Saturday, March 29, 2014

"How could you BUY a dog?!"

As a professional in the dog world who decided to buy a puppy from a breeder instead of rescue one from a shelter/rescue group, I did have this fleeting thought during the process -- "Yikes, I bet I'm going to piss off someone by doing this!"  And sure enough I have.  I've received a few emails, nothing nasty or rude (I do want to point that out!) asking why I chose to buy and not adopt.  I actually haven't responded to the emails as of yet and so thought I'd send this as a message hopefully to help others understand and also ease anyone that has the possible guilt of buying instead of adopting.

First of all I want to say this: Everyone has a reason for everything they do. Everyone has their own lives and things going on that others have no clue about. Making judgments on any issue is wrong at best, harmful at worst.  So before jumping to conclusions you should get facts and know all the details of the situation at hand. Sure, easier said than done.  But I digress ...

...Now onto the actual subject matter -- Why did I buy a puppy from a breeder when so many are in shelters? We recently bought a puppy from a responsible breeder.  Let me reiterate the adjective I used before the word "breeder" -- responsible.  There is a lot that goes on in finding a responsible and very reputable breeder. I researched and asked all the right questions. I did all my homework and lucky for me I know exactly what questions to ask a breeder before buying.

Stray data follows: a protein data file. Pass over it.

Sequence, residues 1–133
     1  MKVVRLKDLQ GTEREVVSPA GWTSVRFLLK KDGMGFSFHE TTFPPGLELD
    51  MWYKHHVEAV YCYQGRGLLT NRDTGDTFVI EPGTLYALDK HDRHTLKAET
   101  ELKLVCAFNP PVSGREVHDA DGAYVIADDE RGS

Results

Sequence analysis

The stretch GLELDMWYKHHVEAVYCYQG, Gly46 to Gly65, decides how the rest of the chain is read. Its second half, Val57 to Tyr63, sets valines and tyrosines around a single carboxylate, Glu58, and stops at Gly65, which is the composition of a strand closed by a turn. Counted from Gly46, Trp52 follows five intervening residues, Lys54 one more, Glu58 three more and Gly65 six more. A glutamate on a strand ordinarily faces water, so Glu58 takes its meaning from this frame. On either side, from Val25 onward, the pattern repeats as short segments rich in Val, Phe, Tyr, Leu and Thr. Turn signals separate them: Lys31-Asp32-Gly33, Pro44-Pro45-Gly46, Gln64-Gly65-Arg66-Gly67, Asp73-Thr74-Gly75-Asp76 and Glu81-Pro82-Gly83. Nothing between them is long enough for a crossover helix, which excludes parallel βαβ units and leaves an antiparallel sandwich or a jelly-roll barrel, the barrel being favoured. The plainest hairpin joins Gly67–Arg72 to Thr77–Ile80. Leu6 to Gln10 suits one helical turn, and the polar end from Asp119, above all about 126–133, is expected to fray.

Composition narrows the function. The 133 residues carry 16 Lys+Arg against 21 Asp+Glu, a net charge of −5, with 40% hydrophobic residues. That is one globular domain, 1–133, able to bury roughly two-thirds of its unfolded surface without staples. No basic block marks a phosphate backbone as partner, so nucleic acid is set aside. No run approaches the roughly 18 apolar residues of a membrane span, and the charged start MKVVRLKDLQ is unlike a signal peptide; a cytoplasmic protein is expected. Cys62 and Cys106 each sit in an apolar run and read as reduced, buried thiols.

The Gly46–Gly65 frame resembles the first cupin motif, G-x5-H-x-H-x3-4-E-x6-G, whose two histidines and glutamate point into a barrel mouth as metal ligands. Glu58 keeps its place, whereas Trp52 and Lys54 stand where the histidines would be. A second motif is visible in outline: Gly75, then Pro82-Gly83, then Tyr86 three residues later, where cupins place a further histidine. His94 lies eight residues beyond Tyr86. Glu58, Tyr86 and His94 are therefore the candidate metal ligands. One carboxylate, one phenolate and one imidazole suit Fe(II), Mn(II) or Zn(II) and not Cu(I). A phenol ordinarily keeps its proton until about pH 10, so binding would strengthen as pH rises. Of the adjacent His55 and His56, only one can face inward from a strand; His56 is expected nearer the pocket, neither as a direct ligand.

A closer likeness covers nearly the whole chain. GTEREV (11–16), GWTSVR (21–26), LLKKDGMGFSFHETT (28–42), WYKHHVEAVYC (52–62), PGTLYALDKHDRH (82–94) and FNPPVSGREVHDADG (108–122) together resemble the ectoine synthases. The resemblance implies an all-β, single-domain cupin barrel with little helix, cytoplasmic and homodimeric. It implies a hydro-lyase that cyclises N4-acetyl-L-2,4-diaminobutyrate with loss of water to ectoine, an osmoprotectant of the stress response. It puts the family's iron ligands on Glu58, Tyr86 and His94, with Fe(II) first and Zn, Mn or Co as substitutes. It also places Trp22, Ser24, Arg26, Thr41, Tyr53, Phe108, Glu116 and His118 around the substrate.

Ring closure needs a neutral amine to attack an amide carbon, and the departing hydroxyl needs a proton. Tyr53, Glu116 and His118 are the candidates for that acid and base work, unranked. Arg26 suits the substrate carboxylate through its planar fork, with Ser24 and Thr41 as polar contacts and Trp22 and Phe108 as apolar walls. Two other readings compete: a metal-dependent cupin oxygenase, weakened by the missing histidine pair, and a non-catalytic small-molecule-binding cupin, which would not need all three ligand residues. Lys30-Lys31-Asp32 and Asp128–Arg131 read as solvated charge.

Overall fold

Over the past 12 years I've owned 6 dogs, including the new puppy we have now. Of those six dogs two of them were rescues and four were "bought" from breeders -- two were not reputable breeders and two were highly reputable and excellent breeders.   I slowly learned how to ask the right questions and do my homework.  And that can often involve a lot of work, and it should.  If you are going to go the buy-a-puppy-route you need to know exactly what you're doing and where your puppy is coming from.  A bad breeder can be a disgrace to the reputable breeder community. Bad breeders are indeed contributors to the too-many-pets-in-the-shelter problem we face today.

Now, don't get me wrong -- buying a dog from a reputable breeder doesn't guarantee a quality dog for health or temperament. However, the chances are greater that you will have these things on your side if you did get the dog from a good, well-rounded and reputable breeder.